The conventional perception of mind and body according to the western philosophy is based on dualism (Nagel, 1998, p. 338; Gallagher, 2005, p.9). This idea originated from the ancient philosophers like Aristotle and Plato who regarded a complete human soul as the one which is aware of the world’s order (Hans, 2000, p. 7; Jean & Lamm, 2006, p. 1147). A complete being is a universal concept, in that it describes the global objective categories. Human reasoning is the ability of the human mind to utilize some part of the universal reason, and therefore is intangible and separate from the body (Stephen, 2006, p.15).
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Phenomenologists argue that human body is a living process that incorporates a complex array of psychological and physical processes. In other words, human body is a body-mind and not just a simple body. They describe human body as a field in which numerous physical and mental forces work together and modify each other (Visker, 2008). Buddhists and traditional Indian philosophy explains that human body (body-mind) is ultimate and disregards any self beyond it. According to the two, body-mind is essential for liberation (Deacon, 2002, p. 89; Stephen, 2006, p. 365).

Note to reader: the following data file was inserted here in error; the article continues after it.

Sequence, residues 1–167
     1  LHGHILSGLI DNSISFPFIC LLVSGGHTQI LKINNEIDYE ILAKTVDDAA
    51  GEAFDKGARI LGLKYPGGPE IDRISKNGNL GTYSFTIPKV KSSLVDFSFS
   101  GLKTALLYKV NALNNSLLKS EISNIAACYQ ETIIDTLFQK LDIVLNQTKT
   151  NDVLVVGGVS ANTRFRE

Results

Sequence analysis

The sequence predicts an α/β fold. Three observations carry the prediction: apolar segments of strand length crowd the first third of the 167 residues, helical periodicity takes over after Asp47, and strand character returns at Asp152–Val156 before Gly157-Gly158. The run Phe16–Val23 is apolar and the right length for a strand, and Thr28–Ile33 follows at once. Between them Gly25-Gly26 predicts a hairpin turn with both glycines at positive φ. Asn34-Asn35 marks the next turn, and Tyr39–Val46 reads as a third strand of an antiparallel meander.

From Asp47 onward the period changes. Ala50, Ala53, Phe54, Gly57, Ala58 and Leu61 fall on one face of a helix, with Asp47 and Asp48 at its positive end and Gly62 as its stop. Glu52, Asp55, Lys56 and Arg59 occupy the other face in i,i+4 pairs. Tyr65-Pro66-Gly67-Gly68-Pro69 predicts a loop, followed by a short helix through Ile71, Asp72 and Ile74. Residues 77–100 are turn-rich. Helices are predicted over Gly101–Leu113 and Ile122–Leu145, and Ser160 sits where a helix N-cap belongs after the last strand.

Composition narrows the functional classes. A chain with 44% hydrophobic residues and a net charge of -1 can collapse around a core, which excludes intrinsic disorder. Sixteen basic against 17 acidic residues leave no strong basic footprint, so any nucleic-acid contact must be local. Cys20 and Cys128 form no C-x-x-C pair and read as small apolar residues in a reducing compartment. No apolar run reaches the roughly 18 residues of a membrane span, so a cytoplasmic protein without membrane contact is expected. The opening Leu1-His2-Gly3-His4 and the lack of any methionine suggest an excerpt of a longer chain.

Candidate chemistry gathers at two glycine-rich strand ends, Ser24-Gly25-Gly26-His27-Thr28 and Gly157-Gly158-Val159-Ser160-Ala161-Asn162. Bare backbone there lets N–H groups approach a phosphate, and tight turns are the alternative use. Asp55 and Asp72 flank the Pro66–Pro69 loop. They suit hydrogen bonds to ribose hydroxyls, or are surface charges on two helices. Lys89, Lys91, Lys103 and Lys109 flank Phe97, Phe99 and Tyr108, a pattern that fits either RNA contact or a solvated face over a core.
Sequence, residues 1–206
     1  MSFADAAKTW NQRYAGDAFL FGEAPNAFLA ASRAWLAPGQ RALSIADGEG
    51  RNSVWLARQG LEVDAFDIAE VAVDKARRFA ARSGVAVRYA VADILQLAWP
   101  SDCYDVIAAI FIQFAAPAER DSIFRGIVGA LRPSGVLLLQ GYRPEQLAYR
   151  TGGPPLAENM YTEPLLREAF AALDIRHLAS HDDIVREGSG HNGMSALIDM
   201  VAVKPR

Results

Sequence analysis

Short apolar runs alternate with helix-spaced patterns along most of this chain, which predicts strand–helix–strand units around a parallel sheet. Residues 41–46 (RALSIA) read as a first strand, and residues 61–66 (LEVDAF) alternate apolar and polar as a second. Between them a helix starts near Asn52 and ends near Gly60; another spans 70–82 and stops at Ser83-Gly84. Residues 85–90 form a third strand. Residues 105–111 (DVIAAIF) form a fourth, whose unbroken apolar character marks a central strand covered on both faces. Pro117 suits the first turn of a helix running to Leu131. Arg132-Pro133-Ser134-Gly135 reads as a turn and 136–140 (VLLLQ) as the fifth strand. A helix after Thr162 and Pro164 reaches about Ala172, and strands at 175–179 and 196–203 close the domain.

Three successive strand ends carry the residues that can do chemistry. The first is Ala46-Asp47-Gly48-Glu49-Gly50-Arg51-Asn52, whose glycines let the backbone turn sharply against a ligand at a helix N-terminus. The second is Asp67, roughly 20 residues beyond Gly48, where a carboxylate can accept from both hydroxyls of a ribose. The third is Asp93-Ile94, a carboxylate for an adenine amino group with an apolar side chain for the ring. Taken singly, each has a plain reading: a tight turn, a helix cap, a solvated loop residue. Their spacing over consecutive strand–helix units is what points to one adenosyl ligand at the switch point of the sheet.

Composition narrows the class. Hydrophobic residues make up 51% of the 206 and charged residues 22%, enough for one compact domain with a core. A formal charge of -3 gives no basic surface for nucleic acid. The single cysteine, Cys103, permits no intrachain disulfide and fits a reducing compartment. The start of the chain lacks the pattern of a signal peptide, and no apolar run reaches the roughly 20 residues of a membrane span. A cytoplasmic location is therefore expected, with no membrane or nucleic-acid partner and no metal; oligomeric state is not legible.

Describing the Cartesian picture of human beings
The philosophy of Descartes (philosophy of mind) postulates that mind and body are two separate entities. It provides the account of knowledge, freedom of action, morality and conduct of life (Cottingham, 1998, p. 6). Descartes explains that the requisite type of moral vision was a result of religious metaphysics. He claims that human understand and control themselves through the divine power of reasoning. The equivalent power of reasoning enables the human to recognize what is objectively positive. It is through the generosity of God that individuals can marshal their will to pursue what is good (Van Cleve, 1979, p.9; Cottingham, 1998, p. 7).
Descartes provides a substantial argument for the existence of two separate entities: the mind (referred to as thinking things) and the body (referred to as extended things). He doubts the ability of the existence of the body but is very much certain of the existence of the mind. Through his meditations he tried to prove the existence of the mind without the body. He proposes that there exists a material substance of which the body is the mode and several immaterial substances similar to human and God’s mind (Cottingham, 1998, p. 8).
Analysis of Michel Foucault’s ideas regarding power and subjectivity